Northern Rhône wine tours
The Northern Rhône’s climate is controlled by the mistral wind which defines its harsh winters and warm summers and the region boasts many prestigious wine-making villages such as Hérmitage and Condrieu. Lyon, the second biggest metropolis in France is the capital of the region. A major centre of business with a reputation as the French capital of gastronomy, the city is famed for its historical and architectural landmarks and is a UNESCO World Heritage site.
If one starts at the northern most point of the Rhône wine growing areas, the first area that one comes to is the Côte-Rôtie where the Syrah grape is usually used alone, although some producers include Viognier in their blend. In this area, the grapes are sheltered from the worst weather and consequently, the wine is usually very fruity and full bodied. The wine from this region ages well and the prices charged by growers reflect the high regard with which wines from this region are held.
The next region reached on a Rhône wine tour is the Condrieu region which comprises totally of the white Viognier grape. The wines produced here are said to remind one of Indian cuisine due to their spiciness. Moving further south, one reaches the St-Joseph region where both red and white wines are made. In contrast to most of the wines produced in the Northern Rhône, wines produced in St-Joseph are light and fruity.
The next area one comes across is Crozes-Hermitage which produces the largest output of any of the Rhône wine regions. The wines in this area are not as highly regarded as those from other areas and one can get some good value wines. On a Grape Escapes Rhône wine tour, you will be shown some of these gems. In the middle of the area, the Hermitage hill is found and on its slopes, the vineyards of the Hermitage AC are found. The wines produced here are powerful, full of flavour and benefit from a number of years aging before being enjoyed. On the other side of this area, one finds the smaller Cornas and St-Péray areas. Cornas produces reds which are more tannic than fruity whilst the wines of St-Péray are sparkling whites produced using the Marsanne and Roussanne grapes and producing the bubbles using the Champagne method.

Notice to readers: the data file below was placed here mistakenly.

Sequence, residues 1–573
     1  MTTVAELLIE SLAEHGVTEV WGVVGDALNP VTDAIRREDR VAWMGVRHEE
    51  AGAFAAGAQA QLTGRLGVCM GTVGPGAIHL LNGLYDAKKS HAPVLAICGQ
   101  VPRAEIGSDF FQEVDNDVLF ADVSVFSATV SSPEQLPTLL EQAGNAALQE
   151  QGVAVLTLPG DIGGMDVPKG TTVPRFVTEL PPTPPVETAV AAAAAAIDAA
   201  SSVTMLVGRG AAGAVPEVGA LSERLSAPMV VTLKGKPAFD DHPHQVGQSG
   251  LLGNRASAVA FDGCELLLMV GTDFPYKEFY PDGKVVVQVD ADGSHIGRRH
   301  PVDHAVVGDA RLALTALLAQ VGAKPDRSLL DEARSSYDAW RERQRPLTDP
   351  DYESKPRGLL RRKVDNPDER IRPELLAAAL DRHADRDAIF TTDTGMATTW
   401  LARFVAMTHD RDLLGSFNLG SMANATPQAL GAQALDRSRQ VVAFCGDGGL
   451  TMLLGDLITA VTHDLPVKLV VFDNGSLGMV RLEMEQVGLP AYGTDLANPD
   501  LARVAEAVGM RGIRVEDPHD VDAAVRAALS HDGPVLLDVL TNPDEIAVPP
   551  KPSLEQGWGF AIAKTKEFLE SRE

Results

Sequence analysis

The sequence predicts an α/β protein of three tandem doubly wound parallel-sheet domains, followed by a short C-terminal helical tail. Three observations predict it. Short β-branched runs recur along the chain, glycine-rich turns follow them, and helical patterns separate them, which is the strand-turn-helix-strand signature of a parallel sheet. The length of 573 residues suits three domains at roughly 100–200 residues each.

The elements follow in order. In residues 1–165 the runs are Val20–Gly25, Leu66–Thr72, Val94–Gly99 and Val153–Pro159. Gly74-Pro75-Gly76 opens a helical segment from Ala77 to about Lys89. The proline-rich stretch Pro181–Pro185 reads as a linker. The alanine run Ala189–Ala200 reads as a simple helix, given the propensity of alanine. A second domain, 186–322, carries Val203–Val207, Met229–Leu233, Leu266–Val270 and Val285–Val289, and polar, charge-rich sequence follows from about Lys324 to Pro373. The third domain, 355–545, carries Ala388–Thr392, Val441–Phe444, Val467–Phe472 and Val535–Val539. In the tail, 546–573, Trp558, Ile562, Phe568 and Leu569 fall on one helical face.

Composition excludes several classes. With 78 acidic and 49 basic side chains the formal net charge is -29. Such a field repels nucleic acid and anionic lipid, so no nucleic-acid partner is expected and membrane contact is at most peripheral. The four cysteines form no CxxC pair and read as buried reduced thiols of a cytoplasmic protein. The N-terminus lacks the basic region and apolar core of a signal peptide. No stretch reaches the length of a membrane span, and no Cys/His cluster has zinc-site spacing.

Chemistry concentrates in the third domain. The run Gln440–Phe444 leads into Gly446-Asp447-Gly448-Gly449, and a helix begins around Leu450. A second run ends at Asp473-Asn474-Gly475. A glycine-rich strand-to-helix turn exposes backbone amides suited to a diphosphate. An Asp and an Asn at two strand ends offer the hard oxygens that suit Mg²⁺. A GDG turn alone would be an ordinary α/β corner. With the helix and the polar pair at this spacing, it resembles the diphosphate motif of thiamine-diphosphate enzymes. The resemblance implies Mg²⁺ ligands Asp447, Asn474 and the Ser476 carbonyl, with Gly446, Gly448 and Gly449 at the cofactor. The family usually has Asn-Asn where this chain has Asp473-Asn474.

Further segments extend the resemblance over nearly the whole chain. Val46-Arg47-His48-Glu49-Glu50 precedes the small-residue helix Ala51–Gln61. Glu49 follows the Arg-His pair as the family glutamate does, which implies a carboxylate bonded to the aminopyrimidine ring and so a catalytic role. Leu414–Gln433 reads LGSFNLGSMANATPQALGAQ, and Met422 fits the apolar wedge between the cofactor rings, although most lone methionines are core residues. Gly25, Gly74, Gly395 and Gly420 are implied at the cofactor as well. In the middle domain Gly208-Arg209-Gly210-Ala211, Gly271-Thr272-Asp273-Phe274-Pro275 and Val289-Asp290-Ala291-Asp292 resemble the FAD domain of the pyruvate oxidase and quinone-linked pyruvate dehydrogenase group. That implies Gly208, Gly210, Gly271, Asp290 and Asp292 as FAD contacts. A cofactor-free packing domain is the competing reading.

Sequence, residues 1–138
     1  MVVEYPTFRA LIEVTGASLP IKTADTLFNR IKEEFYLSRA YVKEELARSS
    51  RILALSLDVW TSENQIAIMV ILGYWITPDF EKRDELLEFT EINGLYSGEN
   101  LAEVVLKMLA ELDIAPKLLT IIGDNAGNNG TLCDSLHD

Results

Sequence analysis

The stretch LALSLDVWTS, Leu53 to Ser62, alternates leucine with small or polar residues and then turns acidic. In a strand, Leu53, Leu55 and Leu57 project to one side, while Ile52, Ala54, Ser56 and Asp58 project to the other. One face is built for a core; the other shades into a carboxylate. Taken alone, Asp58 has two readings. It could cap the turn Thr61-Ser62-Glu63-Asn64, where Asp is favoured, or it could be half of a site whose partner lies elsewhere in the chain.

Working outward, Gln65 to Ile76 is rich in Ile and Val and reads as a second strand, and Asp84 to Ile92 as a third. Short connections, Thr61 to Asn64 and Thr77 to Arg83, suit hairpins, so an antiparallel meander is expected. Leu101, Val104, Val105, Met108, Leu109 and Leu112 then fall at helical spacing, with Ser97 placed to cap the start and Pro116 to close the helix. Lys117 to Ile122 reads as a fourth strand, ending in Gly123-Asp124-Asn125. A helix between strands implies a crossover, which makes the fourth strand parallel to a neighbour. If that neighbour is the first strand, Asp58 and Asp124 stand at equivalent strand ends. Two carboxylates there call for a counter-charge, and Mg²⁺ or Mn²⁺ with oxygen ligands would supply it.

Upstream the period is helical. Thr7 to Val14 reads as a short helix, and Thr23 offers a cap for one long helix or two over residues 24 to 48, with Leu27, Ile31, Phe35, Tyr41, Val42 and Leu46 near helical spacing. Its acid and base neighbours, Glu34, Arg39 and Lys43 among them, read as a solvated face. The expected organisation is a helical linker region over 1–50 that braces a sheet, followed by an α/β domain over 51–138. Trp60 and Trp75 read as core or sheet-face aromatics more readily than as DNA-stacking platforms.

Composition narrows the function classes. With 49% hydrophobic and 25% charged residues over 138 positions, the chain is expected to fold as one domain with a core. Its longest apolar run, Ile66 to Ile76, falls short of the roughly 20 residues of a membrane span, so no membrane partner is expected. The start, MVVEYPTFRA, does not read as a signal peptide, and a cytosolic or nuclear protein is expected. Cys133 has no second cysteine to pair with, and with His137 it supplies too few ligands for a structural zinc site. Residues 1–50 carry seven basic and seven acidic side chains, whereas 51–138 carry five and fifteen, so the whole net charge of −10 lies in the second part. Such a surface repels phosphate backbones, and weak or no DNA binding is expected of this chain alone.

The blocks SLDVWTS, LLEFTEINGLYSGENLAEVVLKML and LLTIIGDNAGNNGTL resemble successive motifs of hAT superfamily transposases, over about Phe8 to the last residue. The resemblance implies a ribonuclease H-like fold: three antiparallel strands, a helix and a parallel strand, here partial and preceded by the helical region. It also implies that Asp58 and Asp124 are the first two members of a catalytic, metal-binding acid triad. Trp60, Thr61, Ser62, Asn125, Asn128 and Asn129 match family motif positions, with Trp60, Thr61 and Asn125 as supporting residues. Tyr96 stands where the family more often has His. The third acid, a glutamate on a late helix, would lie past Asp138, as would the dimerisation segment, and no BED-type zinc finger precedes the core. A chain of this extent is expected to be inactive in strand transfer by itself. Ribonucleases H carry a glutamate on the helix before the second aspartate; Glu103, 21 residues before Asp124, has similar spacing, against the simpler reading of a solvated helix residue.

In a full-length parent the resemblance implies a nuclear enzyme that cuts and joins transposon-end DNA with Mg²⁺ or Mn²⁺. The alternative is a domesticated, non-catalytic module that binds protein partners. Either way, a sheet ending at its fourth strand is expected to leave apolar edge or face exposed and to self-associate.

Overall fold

The History of the Southern Rhône is rich and varied. The towns of Orange and Vaison la Romaine have significant Roman heritage. The theatre in Orange is the best preserved example in Europe. The capital of the department is Avignon and whilst this city was important in Roman times, it is the structures of the 12th-14th Centuries for which it is justifiably famous. In particular, Avignon was the seat of the papacy from 1309-1377 and the Pope’s Palace dates from this period. It was at this time that the whole of the region was acquired by the Catholic Church and many of its vineyards were planted. In addition, the city is famous for the St Benezet bridge (Pont d’Avignon), of which just four of the original 22 arches remain.
The land of Vaucluse is where the river Rhône meanders into the beautiful countryside of Provence. The region enjoys an enviable 2600 hours of Mediterranean sunshine per year, whilst the mistral often blows through the valley to provide a welcome breeze in the heat of the day.
Once outside the towns, the region boasts some spectacular scenery and attractive villages. The Dentelles rise up behind the villages of Gigondas, Vacqueyras and Beaumes de Venise, while the Mont Ventoux provides an even more spectacular backdrop to the region. In addition to the vineyards on the slopes, this area is home to 45% of the lavender that is grown in France and for gastronomes, it is also the source of almost ¾ of all French truffles.
"Absolutely brilliant, nothing went wrong, the whole trip was smooth and effortless for me as the coordinator at our side. We all had such a fantastic holiday because there was no stress or nasty surprises!"
Katie- London, UK